More on the suppression of dope (hashish and marijuana) and the persecution of its users.
Part Two – Police and Policy
The first thing to note is that, if you live in the UK, especially if you’re rich, you are beneficiaries of the biggest drugs cartel and people trafficker the world has ever seen – the British Empire. So much for the moral position. We quit the trade in humans in 1807 and, after getting round to abolishing legal slavery altogether in 1833, compensated slave owners with the largest government payout of all time, which appears to have been a major factor in the growth of British industry in that century. However those enslaved people from Africa and the debt-slaves in and from India had been essential as producers of our drugs. Which ones? Opium*, tobacco, tea, coffee, cocoa and sugar (yes, sugar) – all of them psychoactive chemicals to which many of us remain addicted … there aren’t many people in the ‘developed world’ and beyond who doesn’t use one or more of those. The claim “I’ve never used drugs”? Wrong, they’re just not illegal at this time. Then at the start of the 20th century governments began to worry about opium. This, it’s said, was primarily racist because they feared the influx of Chinese workers, both debt slaves and kidnap victims, to North America and Europe was spreading the smoking of opium. Ironic because it was the British who’d made the habit common in China by waging two wars to enforce their illegal trade in cheap opium. At the time the Brits produced the best quality opium in the world in Bengal but this was losing its status as synthetic derivatives, like morphine, could be made from any quality of plant. In 1909 an international commission was set up to regulate the trade and restrictions gradually grew tighter. Nevertheless, until it was superseded by other chemicals, opium was remained a big component in the pharmaceutical industry for many more decades and I may well have been fed some as a child. This is when prohibition began. Cannabis came later.
[* The best book on this I’ve come across is ‘The Opium War’ by Brian Inglis, 1976, who also wrote another on recreational drugs, called ‘The Forbidden Game: A Social History of Drugs’, 1975]
There are accounts of why and how cannabis became a prohibited substance but I like the one I read in one of Pete Loveday’s ‘Russell’ comics (Plain Rapper Comix #2). Hemp is a very useful plant, not just for its medicinal properties but in the garden and in industry. Until suitable plastics arrived, hemp rope was the best you could get and in the age of sail you needed lots, it also provided the sails and canvas clothing – the British navy alone required thousands of tons a year. Simply put, the hemp that’s grown for fibre tends not to be much good for smoking, it has some of the alkaloids but concentrations are low. Consequently smoking or eating hemp and its resin didn’t catch on with Europeans before they had more contact with cultures that did in North Africa, the Middle East and India. It was regarded then as exotic and therefore dubious. Certainly soldiers and sailors who served in those parts tried it and still do (I’ve been told that it was also common among bargees when our canals were still industrial highways). In America, North and South, smoking weed came with black people kidnapped and shipped from Africa, as it was practised in many parts of that continent, whether brought there by the Arabs or discovered locally. That fact didn’t endear it to the racist establishment in the USA, so back to Loveday’s story. By the end of the 19th century the biggest producer of hemp in the world was Russia, then in the 1920s they developed a new method of making paper cheaply using hemp fibre. This scared the shit out of William Randolph Hearst, the original to Rupert Murdoch, who had bought whole forests to provide wood pulp for his newspapers. But Hearst had a friend, J Edgar Hoover, boss of the FBI. Prohibition of alcohol was in force and Hoover was sympathetic to the idea that marijuana, because of its link to jazz and black culture, shouldn’t replace booze. The ban was soon in force and the African-Americans got another stick to beat them. Whatever the validity of that account, it’s definitely plausible. What is certain is that in 1925 the International Opium Convention imposed its first regulation on hashish and the game was on.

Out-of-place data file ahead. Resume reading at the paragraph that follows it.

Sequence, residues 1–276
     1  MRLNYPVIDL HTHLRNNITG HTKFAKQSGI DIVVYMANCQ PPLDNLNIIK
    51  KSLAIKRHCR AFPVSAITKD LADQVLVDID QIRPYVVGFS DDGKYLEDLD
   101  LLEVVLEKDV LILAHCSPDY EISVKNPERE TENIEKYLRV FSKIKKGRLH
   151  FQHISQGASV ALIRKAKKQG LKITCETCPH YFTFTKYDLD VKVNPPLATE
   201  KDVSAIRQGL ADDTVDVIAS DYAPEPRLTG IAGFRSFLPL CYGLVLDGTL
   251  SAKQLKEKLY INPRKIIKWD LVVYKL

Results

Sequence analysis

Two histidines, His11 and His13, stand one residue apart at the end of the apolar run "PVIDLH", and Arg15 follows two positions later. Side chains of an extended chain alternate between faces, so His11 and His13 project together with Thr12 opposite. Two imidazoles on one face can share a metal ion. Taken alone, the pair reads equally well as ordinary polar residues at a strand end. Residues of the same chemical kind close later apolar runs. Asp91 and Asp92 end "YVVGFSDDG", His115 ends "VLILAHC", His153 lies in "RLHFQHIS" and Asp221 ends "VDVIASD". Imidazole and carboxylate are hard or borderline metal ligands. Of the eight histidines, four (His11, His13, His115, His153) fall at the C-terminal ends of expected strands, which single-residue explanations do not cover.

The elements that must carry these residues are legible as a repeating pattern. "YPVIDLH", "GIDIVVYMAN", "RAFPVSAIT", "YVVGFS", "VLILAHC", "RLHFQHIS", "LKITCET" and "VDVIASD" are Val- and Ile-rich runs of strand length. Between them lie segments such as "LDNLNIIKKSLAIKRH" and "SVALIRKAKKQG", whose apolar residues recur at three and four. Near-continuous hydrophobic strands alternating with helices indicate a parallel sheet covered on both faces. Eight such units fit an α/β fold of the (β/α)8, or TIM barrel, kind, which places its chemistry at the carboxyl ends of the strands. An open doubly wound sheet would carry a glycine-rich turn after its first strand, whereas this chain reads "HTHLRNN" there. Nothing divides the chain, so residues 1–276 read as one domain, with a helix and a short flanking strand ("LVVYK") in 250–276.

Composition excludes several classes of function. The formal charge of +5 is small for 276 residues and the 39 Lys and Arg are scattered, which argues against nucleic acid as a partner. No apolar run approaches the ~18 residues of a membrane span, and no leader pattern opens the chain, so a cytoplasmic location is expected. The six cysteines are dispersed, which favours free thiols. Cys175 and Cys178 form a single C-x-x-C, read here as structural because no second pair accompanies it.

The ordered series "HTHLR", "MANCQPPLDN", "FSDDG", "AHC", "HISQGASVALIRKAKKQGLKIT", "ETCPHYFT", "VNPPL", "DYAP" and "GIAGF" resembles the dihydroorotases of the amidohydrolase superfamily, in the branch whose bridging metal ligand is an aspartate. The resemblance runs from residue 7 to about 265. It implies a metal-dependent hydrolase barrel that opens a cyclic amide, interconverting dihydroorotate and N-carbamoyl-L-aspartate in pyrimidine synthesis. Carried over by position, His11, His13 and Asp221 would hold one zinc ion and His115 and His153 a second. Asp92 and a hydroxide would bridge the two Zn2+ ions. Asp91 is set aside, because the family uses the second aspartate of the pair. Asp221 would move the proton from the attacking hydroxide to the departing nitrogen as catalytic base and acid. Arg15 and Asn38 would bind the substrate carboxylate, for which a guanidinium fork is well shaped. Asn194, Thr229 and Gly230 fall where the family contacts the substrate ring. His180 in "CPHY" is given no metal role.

Cannabis first became illegal in the UK in 1928 when the 1925 Dangerous Drugs Act came into force but no-one took much notice of it. The only people really affected by the law were the West Indian migrants to Britain after World War 2. I can remember seeing reports in my dad’s News of the World of ‘Jamaicans’ (they were all Jamaicans according to our ‘journalists’) being busted and often gaoled for planting budgerigar seeds in their gardens. I couldn’t see the harm in that but it wasn’t explained. Then in the 1960s white kids began to catch on and the moral panic grew. But this time the youth were often university educated and had friends in high places. The fightback started. So, while it was OK to persecute major black artists like Louis Armstrong, when the cops started busting famous white musicians like Jagger and Richards it didn’t go down so well. That’s when that notorious advert in The Times appeared. From 1967 onwards smoking dope and taking acid (LSD) exploded across North America and Europe and the authorities went mental. I’ve heard Trotskyists claim it was all just a middle-class diversion, which shows how out of touch they were with working-class youth, who embraced it and the music enthusiastically. The powers that be were terrified that these kids were out of their control and becoming too laid back to take work seriously enough for the profiteers. The UK’s anti-drug laws were amended constantly – the first time in 1964, then in ’67, ’71 , ’85 , ’86 , ’91 , ’98, 200, ’03 , ’06 – ’09, the latest in 2016. Drug squads proliferated and eventually became more effective. Likewise customs officers and the coast guards – as prices began to rise, the professionals moved in to smuggle and deal. The problem was that hashish is very bulky and aromatic, marijuana even more so, which made them easy to discover with sniffer dogs, however well packaged the goods were. The best hash from the tribal areas between India and Pakistan, from Nepal, Afghanistan and the Lebanon disappeared, even before wars broke out there, and was replaced with cheap, lowgrade shit from Morocco. Thus giving rise to the claim that ‘the cannabis available now is stronger than you’re used to’. Not me, sunshine! What happened instead was that the smugglers and dealers could make more money from powders like heroin and cocaine, which are harder to detect. The argument that cannabis is ‘a gateway’ to harder drugs is a lie, it was the law what done it. That’s the simple historical fact. Then we got the ‘War on Drugs’ and all hell broke loose.